# Set_normalized_coefficient in JuMP.jl is slow

Hi, I wonder why set_normalized_coefficient takes about as long as the actual optimization in my MWE:

using JuMP, HiGHS

function create_solver(solver, l, C, d, lb)
model = direct_model(optimizer_with_attributes(solver))
@variable(model, x[i = eachindex(lb)].>=lb[i])
@objective(model, Min, sum(x[i] * l[i] for i in eachindex(lb)))
@constraint(model, con, C * x.≥d)
set_silent(model)
return model
end

function modify_coefficients!(model, variable, C)
for j in axes(C, 2)  # Loop over the columns of C (each variable)
set_normalized_coefficient.(model[:con], variable[j], vec(C[:, j]))
end
end

function test(n)
l = rand(72)'
C = rand(36, 72)
d = rand(36)
lb = zeros(72)

solver = HiGHS.Optimizer
model = create_solver(solver, l, C, d, lb)
for _ in 1:n
C = rand(36, 72)
modify_coefficients!(model, model[:x], C)
optimize!(model) # min l * x s.t. C * x ≥ d AND x ≥ lb
end
end

@profview test(100)


My use case solves this problem for an n of about 40000, therefore the overhead from setting parameters is kinda annoying. Am I doing it inefficiently?

I think part of the problem is that you’re trying to modify every constraint coefficient one-by-one, and that the constraints are dense. The “modify and re-solve” approach is really intended for small changes between solves.

I would just do:

using JuMP, HiGHS

function create_solver(solver, c::Vector, A::Matrix, b::Vector, l::Vector)
n = length(c)
@assert n == size(A, 2) == length(l)
@assert size(A, 1) == length(b)
model = Model(solver)
set_silent(model)
@variable(model, x[i = 1:n] >= l[i])
@objective(model, Min, c' * x)
@constraint(model, A * x .>= b)
optimize!(model)
@assert is_solved_and_feasible(model)
return value.(x)
end

function test(n)
c = rand(72)
A = rand(36, 72)
b = rand(36)
l = zeros(72)
for _ in 1:n
A = rand(36, 72)
x = create_solver(HiGHS.Optimizer, c, A, b, l)
end
end

@time test(100)

1 Like

Yeah, the one-by-one modification clearly is inefficient. However, my approach is about twice as fast as your implementation (0.7s vs 1.5s) on my machine – that’s why I switched to “modify and re-solve” in the first place.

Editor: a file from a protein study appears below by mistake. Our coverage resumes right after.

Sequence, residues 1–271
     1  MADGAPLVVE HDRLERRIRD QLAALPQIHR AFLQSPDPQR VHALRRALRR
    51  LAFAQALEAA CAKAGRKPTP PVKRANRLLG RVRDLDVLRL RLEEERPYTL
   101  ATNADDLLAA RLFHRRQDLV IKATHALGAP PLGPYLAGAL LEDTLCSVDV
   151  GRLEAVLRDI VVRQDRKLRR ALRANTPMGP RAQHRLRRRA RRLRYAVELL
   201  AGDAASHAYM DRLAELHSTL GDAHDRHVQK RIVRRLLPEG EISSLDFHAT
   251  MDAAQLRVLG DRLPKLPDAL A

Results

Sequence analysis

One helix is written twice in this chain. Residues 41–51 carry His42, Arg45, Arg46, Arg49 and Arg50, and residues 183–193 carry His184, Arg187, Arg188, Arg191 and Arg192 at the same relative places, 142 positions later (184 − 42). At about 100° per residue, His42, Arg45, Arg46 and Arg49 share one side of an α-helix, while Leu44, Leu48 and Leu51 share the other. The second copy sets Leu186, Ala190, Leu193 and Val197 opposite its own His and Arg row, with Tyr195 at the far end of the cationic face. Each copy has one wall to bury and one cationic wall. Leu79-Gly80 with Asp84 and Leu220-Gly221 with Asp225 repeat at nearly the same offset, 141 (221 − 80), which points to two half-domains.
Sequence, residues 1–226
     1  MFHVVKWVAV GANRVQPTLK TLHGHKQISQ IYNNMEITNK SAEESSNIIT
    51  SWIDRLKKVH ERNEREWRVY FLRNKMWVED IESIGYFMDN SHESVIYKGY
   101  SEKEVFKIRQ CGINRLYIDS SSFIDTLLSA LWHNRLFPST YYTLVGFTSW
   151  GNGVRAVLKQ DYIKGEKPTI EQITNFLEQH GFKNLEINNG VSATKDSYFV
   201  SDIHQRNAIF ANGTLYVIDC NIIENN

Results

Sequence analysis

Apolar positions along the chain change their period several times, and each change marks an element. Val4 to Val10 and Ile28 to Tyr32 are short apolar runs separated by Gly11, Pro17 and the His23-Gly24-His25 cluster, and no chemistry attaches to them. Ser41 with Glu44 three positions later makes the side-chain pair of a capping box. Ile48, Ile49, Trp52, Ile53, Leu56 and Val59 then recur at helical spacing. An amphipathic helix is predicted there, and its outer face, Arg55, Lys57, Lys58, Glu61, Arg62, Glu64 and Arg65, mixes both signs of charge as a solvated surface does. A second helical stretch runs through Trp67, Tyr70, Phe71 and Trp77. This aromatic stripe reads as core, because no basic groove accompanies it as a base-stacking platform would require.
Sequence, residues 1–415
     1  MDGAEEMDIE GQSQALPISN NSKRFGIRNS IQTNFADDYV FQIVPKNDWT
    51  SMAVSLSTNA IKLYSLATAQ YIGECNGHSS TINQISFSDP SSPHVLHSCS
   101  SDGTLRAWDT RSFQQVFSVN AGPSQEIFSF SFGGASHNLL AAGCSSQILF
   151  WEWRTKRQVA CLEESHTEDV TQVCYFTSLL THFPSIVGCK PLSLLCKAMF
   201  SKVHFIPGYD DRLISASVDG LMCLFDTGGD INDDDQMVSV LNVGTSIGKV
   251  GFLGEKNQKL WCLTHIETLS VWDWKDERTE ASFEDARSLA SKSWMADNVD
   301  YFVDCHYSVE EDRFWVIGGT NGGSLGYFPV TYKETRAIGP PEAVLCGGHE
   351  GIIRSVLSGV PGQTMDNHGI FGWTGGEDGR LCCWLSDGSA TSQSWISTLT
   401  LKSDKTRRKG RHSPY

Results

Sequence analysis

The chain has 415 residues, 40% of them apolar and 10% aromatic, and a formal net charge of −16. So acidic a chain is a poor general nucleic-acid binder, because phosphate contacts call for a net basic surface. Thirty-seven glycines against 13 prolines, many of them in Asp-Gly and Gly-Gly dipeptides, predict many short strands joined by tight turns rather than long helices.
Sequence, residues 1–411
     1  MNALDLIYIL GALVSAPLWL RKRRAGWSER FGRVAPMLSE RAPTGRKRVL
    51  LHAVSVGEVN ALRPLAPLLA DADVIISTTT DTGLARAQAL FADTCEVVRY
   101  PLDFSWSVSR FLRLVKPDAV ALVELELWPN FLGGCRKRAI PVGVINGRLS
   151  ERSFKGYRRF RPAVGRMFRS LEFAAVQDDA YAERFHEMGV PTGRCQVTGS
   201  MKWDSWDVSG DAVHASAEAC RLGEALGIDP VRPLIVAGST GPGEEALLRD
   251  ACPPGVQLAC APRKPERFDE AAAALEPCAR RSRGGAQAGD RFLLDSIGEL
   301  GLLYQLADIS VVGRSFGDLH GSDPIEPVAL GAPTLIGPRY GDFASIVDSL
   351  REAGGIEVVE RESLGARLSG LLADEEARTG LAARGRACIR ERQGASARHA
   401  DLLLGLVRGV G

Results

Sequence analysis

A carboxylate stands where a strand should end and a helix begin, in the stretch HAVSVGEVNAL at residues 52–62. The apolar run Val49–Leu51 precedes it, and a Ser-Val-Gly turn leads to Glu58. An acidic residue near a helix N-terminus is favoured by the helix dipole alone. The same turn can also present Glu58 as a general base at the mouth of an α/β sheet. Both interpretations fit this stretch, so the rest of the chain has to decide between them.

What is the real problem you are trying to solve? Do you want to modify the entire dense constraint matrix? Is the performance a bottleneck? You might consider instead Parallelism · JuMP

Do you have a comparison for why the set_normalized_coefficient is “slow”? What would you expect to happen? We’re essentially throwing away the entire internal model and rebuilding from scratch. We can save some memory, but all internal data structures (presolve, factorizations, etc) need to be recomputed.

My problem requires to adjust the matrix C = B - (1+r)A over a grid of 0 \leq r_1 \leq ... \leq r_n and solve the corresponding linear problem (where A \in \mathbb{R}_{+}^{36 \times 72} and B = [I(36) I(36)].

Since performance is the bottleneck, I will indeed use some threading.

I didn’t expect a speedup of more than ~30% but still I was wondering why the setup took that long compared to the actual solution. However, I am not aware of the internals of JuMP.jl / HiGHS.jl. Thanks for your help!

r is a scalar?

    model = direct_model(HiGHS.Optimizer())
set_silent(model)
@variable(model, x[i = 1:N] >= lb[i])
@variable(model, y[i = 1:N])
@objective(model, Min, l' * x)
@constraint(model, con[i in 1:N], 1 * x[i] - y[i] == 0)
@constraint(model, B * x - A * y .>= d)
for r in range(0, 1, length = n)
set_normalized_coefficient(con, x, fill(1 + r, N))
optimize!(model)
end


Now you only need to modify N coefficients in each step.

2 Likes

That’s dope and what I should have tried in the first place. Thanks!!

1 Like